Eagle’s Nest Open Space | Larimer County Open Space
Livermore, CO | 01/05/20| 5.59 miles | 868′ gain | Class 1
For our first hike of 2020, Kyle and I went to a little known park near the Colorado-Wyoming border. I’d actually never even heard of it until I scoured the county’s open space website, looking for new places to visit. The park is centered around Eagle’s Nest Rock, a large formation that’s been used as a nesting site for golden eagles for over a century. Sadly we didn’t see any golden eagles during our visit, but that didn’t make our time any less special!
The trails within the park form a figure-8 shape, and are just short enough that we could finish the entire loop in one visit. We started counter-clockwise on the first loop, the 3-Bar Trail. This section of trail is on a ranch road.
Most of the open space property is currently used for grazing cattle, just as it has been since the 1870’s. In fact, the trail names (3-Bar and OT) are actually the cattle brands from the original families who ranched this area! We saw cattle in the distance, but they weren’t hanging out around the trail the day we went.
The 3-Bar Trail continues to the south, slowly approaching Eagle’s Nest Rock. We traveled through high pasture and eventually worked our way down through a series of washes before reaching the North Fork of the Cache La Poudre River.
The shape of Eagle’s Nest Rock changed as we walked towards and then past it on the OT Trail. From some angles it looks rounded, and from others it looks pointed.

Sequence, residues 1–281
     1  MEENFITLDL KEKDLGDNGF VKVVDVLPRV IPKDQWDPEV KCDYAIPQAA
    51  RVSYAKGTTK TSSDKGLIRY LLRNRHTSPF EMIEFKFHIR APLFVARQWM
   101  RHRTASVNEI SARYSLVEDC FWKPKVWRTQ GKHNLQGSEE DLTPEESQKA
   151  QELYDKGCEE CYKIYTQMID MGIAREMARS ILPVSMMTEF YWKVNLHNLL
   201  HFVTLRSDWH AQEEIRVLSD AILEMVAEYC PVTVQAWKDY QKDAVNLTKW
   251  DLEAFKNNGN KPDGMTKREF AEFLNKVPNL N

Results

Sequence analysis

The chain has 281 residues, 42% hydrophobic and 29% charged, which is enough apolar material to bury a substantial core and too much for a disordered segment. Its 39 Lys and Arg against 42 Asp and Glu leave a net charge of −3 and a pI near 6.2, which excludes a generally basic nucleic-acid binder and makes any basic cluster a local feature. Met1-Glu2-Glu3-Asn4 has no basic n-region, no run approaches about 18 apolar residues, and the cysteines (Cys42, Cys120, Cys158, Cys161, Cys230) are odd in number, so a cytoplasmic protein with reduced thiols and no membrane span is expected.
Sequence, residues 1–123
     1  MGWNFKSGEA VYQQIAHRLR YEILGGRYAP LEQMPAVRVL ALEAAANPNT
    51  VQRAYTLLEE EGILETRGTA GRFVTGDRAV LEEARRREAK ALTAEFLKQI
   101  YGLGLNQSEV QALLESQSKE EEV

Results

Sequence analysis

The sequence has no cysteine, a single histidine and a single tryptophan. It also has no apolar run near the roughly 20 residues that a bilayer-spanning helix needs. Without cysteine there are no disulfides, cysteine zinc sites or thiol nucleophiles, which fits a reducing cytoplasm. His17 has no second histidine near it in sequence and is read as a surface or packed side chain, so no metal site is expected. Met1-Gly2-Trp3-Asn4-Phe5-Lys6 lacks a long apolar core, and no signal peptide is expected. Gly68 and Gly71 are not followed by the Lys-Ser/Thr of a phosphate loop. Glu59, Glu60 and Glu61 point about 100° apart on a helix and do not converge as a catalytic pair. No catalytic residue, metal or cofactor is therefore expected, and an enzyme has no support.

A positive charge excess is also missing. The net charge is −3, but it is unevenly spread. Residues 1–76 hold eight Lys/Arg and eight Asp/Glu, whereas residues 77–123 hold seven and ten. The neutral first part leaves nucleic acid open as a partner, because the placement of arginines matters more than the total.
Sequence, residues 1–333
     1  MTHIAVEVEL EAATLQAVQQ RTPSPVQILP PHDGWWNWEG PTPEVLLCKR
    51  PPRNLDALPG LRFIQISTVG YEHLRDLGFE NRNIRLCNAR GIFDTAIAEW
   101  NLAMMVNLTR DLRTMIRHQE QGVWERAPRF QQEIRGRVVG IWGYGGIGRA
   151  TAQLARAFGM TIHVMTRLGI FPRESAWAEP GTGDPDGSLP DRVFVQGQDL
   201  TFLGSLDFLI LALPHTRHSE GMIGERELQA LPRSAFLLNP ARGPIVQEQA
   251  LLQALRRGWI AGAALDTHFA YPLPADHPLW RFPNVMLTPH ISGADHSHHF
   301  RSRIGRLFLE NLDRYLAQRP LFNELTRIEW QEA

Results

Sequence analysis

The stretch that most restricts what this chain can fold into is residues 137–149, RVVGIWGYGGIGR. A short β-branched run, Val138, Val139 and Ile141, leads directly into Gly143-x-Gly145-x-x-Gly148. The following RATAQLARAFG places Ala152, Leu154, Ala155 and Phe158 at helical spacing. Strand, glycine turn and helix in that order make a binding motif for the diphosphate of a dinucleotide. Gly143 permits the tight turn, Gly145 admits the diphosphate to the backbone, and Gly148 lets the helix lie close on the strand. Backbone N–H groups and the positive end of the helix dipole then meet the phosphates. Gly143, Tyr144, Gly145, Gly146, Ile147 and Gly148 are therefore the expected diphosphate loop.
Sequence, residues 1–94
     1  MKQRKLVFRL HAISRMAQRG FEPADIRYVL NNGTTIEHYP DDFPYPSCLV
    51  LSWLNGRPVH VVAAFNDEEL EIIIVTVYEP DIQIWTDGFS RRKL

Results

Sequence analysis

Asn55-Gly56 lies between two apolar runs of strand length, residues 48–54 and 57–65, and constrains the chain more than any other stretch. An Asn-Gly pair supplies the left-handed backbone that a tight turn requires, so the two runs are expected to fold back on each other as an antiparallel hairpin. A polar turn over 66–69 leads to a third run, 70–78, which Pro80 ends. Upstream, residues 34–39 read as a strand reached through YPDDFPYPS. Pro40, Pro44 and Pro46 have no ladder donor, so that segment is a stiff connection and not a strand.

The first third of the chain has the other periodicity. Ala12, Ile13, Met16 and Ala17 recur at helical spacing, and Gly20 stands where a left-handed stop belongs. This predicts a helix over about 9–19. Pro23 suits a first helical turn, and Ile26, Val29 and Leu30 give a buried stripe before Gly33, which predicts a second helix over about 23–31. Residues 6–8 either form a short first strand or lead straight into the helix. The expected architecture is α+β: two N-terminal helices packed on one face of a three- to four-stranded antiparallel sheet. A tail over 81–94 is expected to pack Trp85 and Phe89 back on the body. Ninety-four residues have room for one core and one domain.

There was a bench by the river so I stopped for a quick snack break while Otis got a drink of water. The bridge crossing the river was made of the bottoms of old railroad cars. Super unique!
Once we crossed the bridge, we met up with the OT Trail loop. We followed this trail clockwise, still on a ranch road.
Along the southern portion of the OT Trail, we turned off the ranch road onto a single track.
Once we came off the ranch road, the terrain changed immensely. The trail became more rough and not as smooth and gradual as the road. We hiked up and down washes, across high pasture, and then finally we crossed the Poudre River again.
Back on the 3-Bar Trail, we continued counterclockwise back to the car. This half of the 3-Bar Trail was very icy and steep, unlike most of what we’d seen earlier in the day. Up and down, the trail crested bluffs and then descended into gullies, where we crossed on ice, careful not to slip. A herd of mule deer grazed above us in the mountain mahogany, watching as we slowly made our way back to the trailhead.